While meeting with a visiting speaker last week, the subject came up of studying biological pathways that only account for <1% of a given disease. For example, schizophrenia is a very heterogeneous disease with multiple proposed risk factors. Genome-wide association studies have been conducted to identify specific risk factors. Although these studies have been successful in identifying candidate molecules, such as microRNA-137 and then gene C4, how helpful can they be if they only contribute to a small percentage of schizophrenia cases? This made me think of a question that keeps coming up in this course: when is clinical significance more important than statistical significance? Though the studies have statistically significant results, how significant are they to the health field if they cannot help patients with schizophrenia?
I believe this problem somewhat originates from the drive to get funding from the NIH. When applying for grants, your project becomes much more appealing when a disease is attached to it. Thus, a protein that a large group of the scientific community didn't care about before becomes much more appealing when it's tied to some disease, no matter how small the percentage of risk is. As soon as you have a study showing a statistically significant result for a pathway implicated in a disease, your research gets some attention. But how much does that matter in the scheme of the actual disease when the mutation you are observing accounts for <5% of a disease?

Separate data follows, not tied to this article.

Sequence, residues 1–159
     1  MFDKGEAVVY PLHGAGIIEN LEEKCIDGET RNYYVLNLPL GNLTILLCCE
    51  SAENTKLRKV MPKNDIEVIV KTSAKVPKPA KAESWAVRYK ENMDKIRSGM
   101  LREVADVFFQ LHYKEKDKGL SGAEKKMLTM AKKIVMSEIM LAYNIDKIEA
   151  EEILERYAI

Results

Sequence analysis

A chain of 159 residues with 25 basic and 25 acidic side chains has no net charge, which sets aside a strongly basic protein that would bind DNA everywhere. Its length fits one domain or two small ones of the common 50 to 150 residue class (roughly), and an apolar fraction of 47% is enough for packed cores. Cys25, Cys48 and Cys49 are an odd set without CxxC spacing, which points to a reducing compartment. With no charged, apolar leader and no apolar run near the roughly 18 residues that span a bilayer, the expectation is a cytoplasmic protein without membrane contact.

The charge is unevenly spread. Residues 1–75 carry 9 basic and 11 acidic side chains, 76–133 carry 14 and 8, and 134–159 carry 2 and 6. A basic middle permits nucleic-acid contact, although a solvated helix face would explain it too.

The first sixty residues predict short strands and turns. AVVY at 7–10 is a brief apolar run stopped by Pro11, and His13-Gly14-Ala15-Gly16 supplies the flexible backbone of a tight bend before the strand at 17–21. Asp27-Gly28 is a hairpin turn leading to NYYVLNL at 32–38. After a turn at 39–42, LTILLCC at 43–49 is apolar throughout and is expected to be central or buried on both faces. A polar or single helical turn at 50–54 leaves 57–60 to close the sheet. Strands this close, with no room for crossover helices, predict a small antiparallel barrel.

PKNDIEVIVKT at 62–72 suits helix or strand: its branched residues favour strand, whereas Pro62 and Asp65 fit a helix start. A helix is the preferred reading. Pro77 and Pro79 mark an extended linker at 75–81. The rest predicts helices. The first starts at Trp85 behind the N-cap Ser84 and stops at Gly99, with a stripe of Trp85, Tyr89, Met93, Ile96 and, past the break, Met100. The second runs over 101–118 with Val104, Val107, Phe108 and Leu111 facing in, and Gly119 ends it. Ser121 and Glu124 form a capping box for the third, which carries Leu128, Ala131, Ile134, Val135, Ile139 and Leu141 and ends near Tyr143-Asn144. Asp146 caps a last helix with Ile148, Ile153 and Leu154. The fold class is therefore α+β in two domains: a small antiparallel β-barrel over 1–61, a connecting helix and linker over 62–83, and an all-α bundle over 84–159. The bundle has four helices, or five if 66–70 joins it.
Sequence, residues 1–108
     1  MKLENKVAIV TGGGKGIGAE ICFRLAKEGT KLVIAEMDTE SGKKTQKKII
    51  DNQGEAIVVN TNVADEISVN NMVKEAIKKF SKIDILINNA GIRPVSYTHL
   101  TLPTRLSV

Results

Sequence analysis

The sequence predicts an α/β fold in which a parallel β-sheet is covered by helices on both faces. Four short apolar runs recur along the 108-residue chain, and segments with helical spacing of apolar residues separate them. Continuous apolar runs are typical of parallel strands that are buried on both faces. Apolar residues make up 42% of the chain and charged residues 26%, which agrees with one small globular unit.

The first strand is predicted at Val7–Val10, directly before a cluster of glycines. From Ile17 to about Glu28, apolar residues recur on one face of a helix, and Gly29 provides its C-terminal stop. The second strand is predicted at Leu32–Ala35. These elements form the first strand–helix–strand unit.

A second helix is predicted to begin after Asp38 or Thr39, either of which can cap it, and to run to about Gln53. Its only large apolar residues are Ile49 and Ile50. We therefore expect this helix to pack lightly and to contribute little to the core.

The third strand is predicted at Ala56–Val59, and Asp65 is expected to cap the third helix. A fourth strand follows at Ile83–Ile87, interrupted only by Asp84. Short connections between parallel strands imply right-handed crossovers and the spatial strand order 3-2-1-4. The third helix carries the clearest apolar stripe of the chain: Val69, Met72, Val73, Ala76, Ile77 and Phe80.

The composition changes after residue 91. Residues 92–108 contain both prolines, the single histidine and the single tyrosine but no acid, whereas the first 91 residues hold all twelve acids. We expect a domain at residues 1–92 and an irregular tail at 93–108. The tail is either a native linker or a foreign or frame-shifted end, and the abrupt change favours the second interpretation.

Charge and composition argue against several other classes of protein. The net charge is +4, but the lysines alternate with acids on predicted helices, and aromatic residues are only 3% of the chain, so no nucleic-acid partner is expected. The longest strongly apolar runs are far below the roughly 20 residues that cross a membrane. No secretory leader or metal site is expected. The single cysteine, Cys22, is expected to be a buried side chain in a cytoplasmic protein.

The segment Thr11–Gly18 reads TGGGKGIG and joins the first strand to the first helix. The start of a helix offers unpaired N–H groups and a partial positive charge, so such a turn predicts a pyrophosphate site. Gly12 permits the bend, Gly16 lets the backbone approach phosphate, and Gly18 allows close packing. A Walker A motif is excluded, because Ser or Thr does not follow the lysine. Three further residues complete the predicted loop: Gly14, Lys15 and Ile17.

While this may not be considered a form of "bias", I believe that attempting to put a health-related spin on research is severely affecting the way that we conduct research. Making overreaching conclusions can mislead readers and misdirect future research projects. These studies may have the right numbers and statistics, but do they have the right scientific approach of questioning?